Warface is a fast-action military shooter, but less concerned with realism than its po-faced peers. Warface wants you to do two things: cooperate with your team in urban deathmatches, and slide along on your arse while firing a machine gun. Made by Crytek, the developers behind Crysis and the original Far Cry, you can be assured it is crafted from top-tier shooter DNA.
A shiny, colourful space sim that places you in a massively multiplayer universe, Star Conflict drops you right in the middle of an interplanetary skirmish that encompasses both PvE and PvP. Its void is as roomy as any other sector of space you might name, while its busy, man-made surface environments recall the twisty tunnels of the Descent series.
Everything’s better in space, as Warframe proves with its Ninjas in space theme. It is a co-op third-person game where teams of ninjas suited up in powerful ‘Warframe’ armours head out to slice up bad guys, or just hang out at the dojo. It blends some MMO elements with the sensibilities of a more straightforward action game, creating something slick, exciting, and very sociable. The game is often compared to Destiny, and Warframe players will even tell you that it is far better than Bungie’s triple-A shooter.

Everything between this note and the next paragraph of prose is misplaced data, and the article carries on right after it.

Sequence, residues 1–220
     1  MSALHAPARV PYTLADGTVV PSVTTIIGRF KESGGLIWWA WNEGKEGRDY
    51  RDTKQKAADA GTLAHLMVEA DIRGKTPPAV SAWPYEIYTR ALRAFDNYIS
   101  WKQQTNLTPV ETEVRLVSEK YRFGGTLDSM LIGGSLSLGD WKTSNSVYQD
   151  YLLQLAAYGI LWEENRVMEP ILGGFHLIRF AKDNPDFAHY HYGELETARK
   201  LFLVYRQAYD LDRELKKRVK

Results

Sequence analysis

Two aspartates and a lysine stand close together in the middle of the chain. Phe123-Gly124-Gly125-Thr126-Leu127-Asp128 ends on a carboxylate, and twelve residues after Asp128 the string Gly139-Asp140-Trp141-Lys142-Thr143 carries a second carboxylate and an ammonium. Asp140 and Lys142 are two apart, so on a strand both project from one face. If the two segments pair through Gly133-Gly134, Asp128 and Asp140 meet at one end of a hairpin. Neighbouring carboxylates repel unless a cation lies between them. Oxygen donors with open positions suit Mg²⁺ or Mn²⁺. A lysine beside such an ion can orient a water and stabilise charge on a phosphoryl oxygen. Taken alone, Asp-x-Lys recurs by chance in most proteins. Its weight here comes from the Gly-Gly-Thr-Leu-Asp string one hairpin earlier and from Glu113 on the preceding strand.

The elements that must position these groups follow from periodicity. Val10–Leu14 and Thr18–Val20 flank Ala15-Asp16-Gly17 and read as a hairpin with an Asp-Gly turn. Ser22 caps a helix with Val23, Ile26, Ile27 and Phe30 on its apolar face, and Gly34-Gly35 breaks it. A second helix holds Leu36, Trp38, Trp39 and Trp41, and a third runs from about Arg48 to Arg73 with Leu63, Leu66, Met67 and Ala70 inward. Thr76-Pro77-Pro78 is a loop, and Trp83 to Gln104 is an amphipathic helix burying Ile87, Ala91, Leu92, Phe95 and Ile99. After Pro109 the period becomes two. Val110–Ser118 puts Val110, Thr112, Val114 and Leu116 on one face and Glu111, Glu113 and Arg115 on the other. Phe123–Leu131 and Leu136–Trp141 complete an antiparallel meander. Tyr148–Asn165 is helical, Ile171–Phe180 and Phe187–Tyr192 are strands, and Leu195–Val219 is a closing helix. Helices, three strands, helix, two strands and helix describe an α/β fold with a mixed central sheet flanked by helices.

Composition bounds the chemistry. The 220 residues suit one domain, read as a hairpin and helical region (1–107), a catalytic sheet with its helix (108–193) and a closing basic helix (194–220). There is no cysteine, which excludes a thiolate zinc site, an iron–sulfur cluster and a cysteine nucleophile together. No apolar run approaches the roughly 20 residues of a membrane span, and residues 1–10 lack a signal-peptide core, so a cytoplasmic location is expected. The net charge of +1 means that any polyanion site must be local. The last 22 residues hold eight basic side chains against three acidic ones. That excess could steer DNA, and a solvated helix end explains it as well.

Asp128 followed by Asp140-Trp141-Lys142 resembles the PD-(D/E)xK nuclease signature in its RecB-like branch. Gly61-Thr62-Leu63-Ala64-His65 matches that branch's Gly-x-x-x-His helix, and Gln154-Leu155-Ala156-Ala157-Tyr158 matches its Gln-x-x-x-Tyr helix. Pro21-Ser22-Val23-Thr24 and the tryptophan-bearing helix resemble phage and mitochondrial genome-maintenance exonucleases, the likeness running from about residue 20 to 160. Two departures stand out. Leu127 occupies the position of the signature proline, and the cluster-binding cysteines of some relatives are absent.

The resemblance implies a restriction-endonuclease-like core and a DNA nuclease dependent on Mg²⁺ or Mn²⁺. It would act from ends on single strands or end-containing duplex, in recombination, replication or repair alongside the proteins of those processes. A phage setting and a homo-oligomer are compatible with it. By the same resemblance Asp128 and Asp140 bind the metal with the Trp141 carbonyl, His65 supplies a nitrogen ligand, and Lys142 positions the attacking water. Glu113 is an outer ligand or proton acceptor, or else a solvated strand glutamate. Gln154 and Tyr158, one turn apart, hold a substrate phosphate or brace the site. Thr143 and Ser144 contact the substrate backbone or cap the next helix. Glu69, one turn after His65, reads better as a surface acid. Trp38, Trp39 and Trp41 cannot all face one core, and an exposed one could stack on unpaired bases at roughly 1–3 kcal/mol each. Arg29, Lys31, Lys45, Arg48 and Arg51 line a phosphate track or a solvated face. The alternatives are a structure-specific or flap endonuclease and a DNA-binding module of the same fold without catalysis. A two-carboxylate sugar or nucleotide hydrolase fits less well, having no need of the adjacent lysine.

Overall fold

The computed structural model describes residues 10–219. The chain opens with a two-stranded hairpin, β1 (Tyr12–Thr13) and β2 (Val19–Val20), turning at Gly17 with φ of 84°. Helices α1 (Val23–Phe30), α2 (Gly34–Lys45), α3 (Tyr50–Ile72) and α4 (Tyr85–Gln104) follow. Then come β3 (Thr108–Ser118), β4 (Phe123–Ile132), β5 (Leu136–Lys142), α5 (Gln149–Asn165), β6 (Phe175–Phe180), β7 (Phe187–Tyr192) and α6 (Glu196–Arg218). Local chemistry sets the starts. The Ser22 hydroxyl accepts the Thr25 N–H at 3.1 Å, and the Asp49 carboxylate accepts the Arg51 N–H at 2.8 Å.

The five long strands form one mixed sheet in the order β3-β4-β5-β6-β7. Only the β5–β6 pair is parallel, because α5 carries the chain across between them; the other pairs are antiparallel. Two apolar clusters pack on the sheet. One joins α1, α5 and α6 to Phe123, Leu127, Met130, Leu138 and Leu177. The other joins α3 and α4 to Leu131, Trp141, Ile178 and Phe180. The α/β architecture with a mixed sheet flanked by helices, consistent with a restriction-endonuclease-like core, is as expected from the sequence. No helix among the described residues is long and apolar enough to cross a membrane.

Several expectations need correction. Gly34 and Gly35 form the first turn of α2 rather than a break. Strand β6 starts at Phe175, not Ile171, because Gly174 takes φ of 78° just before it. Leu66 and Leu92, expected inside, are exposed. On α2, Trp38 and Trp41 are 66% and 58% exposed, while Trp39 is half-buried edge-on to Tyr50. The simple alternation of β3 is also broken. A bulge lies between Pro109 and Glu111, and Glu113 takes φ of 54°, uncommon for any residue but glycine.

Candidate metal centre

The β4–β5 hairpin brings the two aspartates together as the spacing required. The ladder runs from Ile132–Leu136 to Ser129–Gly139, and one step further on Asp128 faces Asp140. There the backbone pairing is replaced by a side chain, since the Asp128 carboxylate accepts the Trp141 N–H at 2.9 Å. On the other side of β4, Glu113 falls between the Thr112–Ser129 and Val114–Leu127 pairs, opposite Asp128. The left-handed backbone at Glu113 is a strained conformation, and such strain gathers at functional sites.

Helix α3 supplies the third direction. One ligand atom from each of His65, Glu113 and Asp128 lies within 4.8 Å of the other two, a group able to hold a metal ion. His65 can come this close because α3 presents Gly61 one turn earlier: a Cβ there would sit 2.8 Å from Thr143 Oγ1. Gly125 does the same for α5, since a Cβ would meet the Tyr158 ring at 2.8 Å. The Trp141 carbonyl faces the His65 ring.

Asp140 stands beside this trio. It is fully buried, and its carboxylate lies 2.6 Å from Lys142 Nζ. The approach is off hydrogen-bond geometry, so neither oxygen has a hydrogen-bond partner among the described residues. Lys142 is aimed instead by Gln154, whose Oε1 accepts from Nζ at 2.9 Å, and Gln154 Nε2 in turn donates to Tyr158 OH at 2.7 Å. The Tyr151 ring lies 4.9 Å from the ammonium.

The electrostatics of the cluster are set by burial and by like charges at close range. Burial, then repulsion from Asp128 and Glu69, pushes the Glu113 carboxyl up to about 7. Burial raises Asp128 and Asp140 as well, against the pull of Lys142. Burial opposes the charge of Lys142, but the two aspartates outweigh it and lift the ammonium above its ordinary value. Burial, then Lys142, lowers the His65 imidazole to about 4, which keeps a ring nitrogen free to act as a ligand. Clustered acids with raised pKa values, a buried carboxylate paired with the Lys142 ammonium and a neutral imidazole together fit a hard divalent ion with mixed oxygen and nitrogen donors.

Duelyst is a free PC CCG that offers players something a little more strategic than just laying down cards. Instead of a standard deck and board, Duelyst offers a five-by-nine grid straight out of a top-down tactical game like Blood Bowl. Cards in Duelyst spawn in units rather than simply casting effects, which makes for a game that is like a CCG twist on chess. Order your units across the grid, out-maneuver your opponent, and score a worthy victory. Counterplay Games Inc. have also lavished their game with a beautifully crisp 16-bit art style that’ll have you collecting cards for the art just as much as than their effects.
Total War: Arena
Total War: Arena does not sound like a game that should work, stripping away as it does the series’ megalomaniacal thrust, leaving behind only overland battles between formations of ancient warriors.